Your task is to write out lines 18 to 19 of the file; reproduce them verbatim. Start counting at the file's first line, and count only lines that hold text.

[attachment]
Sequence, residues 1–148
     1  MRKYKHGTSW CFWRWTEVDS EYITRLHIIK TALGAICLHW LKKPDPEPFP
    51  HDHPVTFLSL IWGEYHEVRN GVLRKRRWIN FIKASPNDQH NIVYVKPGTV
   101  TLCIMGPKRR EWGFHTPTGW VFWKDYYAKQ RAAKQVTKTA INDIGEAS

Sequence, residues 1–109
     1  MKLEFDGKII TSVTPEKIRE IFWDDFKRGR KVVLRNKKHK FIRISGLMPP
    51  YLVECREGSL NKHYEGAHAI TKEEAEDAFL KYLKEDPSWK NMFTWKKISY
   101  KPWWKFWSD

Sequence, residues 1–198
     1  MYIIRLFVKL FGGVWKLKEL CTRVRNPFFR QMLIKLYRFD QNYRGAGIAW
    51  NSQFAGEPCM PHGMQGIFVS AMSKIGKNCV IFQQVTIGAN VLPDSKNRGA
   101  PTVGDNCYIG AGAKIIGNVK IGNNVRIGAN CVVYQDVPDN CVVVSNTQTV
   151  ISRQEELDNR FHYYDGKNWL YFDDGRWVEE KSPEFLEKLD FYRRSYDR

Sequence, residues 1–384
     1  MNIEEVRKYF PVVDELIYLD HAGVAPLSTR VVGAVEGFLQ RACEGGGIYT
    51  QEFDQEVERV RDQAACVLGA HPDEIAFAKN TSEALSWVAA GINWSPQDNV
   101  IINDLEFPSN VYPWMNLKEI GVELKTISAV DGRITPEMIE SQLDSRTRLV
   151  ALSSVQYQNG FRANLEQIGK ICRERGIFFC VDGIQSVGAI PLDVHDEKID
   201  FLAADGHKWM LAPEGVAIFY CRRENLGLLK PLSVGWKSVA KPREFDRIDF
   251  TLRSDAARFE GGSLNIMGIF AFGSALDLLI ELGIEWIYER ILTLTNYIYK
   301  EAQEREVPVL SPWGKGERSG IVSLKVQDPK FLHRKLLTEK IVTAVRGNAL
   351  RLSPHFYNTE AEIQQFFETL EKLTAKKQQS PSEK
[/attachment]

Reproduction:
   151  ALSSVQYQNG FRANLEQIGK ICRERGIFFC VDGIQSVGAI PLDVHDEKID
   201  FLAADGHKWM LAPEGVAIFY CRRENLGLLK PLSVGWKSVA KPREFDRIDF